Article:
Not a physicist? Not to worry… Growing up, I never gave much thought to science. Art and sports were my thing. I didn’t take physics in high school. Biology and chemistry? Yes, only because they were required in the Gary school system curriculum in the 60’s. The only thoughts I had about space were pretty much limited to Flash Gordon on TV, Sputnik and race to the Moon with the Russians.
I don’t remember thinking about the wonder and science behind all that. It was by a twist of fate, a failed eye exam, that in 1969 I ended up in navigator training at Mather Air Force Base in Sacramento. Night celestial navigation is one of the last courses in the program. Mather had this wonderful planetarium where we were introduced to the stars and constellations we would need to know to navigate by. Navigating with only a sextant and the stars was challenging, but fun. Sitting in our Cutlass convertible with Coriena and showing off by naming a bunch of stars and constellations was more fun.
Thinking and wondering beyond just the names of a few stars, trying to know and understand more about the cosmos, how it works and our place in it came for me, as it did for many others, in 1980 thanks to Carl Sagan’s series and book Cosmos: A Personal Voyage I never took this fascination to the point of wanting to become an astrophysicist like Neil deGrasse Tyson who credits Sagan for inspiring him. But, I was hooked.
I just finished reading Seven Brief Lessons on Physics by Carlo Rovelli. Neil deGrasse Tyson’s Astrophysics for People in a Hurry is the next book up in the queue. These are just the latest. I have a whole shelf devoted to the Cosmos, the science, the meaning of it all and our species place in it. Besides many books by Sagan, the authors include Stephen Hawking, Brien Greene and a guy named Einstein. Alongside, you’ll find Yuval Noah Harrari, Daniel C. Dennett, Sylvia Earle Bill McKibben, Tim Flannery, Edward O. Wilson, Siddhartha Mukherjee, to name a few.
It’s all connected.
The Evolution of every living thing (and extinct)
It’s all connected.
In his 80 page book, after Rovelli explains The General Theory of Relativity, Quantum Mechanics, Quarts, The Standard Model, Black Holes, Time and Probability along with most everything else we know today about our world in a way even I can understand. At the end, Rovelli challenges us to consider “If the world is a swarm of ephemeral quanta of space and matter, a great jigsaw puzzle of space and elementary particles, then what are we?”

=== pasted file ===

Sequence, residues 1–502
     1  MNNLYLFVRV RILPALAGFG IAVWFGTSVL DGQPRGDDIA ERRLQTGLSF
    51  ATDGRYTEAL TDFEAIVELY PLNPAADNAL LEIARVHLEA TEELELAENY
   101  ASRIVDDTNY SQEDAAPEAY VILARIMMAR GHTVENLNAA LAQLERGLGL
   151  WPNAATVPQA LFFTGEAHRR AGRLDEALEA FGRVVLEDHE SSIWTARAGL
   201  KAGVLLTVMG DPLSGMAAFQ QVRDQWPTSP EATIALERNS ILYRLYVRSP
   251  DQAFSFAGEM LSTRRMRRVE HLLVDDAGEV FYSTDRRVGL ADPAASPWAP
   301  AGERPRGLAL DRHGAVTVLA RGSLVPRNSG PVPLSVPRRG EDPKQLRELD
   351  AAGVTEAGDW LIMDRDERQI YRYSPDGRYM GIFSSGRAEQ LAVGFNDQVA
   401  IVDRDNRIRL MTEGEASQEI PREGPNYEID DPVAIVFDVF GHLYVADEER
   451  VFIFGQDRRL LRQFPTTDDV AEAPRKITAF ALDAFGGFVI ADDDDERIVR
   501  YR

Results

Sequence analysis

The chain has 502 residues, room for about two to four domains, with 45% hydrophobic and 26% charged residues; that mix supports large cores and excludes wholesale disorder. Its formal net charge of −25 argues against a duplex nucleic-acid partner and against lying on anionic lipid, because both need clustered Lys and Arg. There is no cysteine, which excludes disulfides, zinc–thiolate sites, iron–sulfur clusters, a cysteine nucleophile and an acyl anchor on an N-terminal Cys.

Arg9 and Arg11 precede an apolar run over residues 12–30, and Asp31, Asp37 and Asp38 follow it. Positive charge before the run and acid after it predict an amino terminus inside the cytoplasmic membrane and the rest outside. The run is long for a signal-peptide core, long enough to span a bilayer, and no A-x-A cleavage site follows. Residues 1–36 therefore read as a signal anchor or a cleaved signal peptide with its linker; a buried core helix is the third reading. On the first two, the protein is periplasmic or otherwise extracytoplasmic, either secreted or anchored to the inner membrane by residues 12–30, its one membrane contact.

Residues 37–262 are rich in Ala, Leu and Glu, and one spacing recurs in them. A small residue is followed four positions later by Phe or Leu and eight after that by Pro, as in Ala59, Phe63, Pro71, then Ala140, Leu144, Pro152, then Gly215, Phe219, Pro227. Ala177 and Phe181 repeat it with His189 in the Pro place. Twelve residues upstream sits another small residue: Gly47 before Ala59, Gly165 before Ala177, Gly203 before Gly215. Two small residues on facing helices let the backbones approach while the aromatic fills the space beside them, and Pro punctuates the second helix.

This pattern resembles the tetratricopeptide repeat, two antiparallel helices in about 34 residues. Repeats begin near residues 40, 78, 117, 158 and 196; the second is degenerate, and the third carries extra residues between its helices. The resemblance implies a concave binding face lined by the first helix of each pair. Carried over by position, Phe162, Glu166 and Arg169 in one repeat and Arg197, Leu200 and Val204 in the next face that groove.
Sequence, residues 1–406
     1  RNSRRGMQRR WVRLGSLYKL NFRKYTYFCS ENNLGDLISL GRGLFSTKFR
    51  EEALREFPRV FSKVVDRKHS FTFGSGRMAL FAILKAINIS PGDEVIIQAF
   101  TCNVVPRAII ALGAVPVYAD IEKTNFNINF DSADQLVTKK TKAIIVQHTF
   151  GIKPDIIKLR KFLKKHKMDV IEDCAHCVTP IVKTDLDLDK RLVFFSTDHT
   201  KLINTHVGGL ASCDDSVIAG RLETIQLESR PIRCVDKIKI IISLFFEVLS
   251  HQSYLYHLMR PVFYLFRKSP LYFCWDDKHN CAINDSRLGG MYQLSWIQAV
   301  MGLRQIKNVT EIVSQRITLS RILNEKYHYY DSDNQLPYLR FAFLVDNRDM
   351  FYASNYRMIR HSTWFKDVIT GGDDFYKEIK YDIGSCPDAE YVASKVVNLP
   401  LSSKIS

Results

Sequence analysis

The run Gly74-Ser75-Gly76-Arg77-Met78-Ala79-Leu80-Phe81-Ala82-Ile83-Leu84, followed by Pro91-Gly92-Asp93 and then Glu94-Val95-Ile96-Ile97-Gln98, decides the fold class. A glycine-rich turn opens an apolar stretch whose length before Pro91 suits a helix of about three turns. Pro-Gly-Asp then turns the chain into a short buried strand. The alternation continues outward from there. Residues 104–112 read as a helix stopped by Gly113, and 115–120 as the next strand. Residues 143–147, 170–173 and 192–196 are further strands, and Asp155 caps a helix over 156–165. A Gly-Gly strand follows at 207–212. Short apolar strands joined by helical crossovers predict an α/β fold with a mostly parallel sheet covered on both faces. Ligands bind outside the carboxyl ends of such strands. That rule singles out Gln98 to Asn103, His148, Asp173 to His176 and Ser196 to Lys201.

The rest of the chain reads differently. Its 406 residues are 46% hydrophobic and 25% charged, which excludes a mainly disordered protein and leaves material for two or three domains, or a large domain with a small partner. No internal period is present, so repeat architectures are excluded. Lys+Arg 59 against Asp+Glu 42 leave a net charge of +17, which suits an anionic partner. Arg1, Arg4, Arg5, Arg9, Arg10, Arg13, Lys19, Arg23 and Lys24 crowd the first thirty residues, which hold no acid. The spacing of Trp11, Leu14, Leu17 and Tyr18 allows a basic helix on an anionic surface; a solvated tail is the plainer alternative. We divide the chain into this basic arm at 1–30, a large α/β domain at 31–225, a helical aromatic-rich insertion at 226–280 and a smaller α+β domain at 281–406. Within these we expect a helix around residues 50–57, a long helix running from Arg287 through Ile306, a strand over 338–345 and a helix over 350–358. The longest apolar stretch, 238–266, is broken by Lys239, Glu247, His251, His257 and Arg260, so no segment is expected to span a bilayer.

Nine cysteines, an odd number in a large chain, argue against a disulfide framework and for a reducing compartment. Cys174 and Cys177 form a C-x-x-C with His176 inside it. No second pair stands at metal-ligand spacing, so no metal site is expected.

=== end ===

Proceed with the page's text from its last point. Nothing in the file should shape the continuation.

It’s all connected.
He is very clear that “we are not external observers” of this world. “We are situated within it. Our view of it is from within its midst. We are made up the same atoms and the same light signals as are exchanged between the pine trees in the mountains and the stars in the galaxies.” Like Carl Sagan said, “we are made of star stuff.”
“We are born and die as the stars are born and die, both individually and collectively.”
Rovelli suggests we are a species of natural curiosity. But, we are the last of our group of species (the genus Homo) made up of equally curious species. In other words, and unlike the turtle that has been around for hundreds of millions of years, “we belong to a short-lived genus of species. All our cousins are already dead.” Our impact on the planet leaves him very pessimistic of our chances as a species or, at least, as a civilization.
There have been five mass extinctions in our planet’s history. The sixth is more than likely to be of our own making. As Rovelli says, “The brutal climate change and environmental changes that we have triggered are unlikely to spare us.”
None of the species in the first five extinctions saw it coming. He fears, “that soon we shall have to become the only species that will knowingly watch the coming of its own demise, or at least the demise of its civilization.”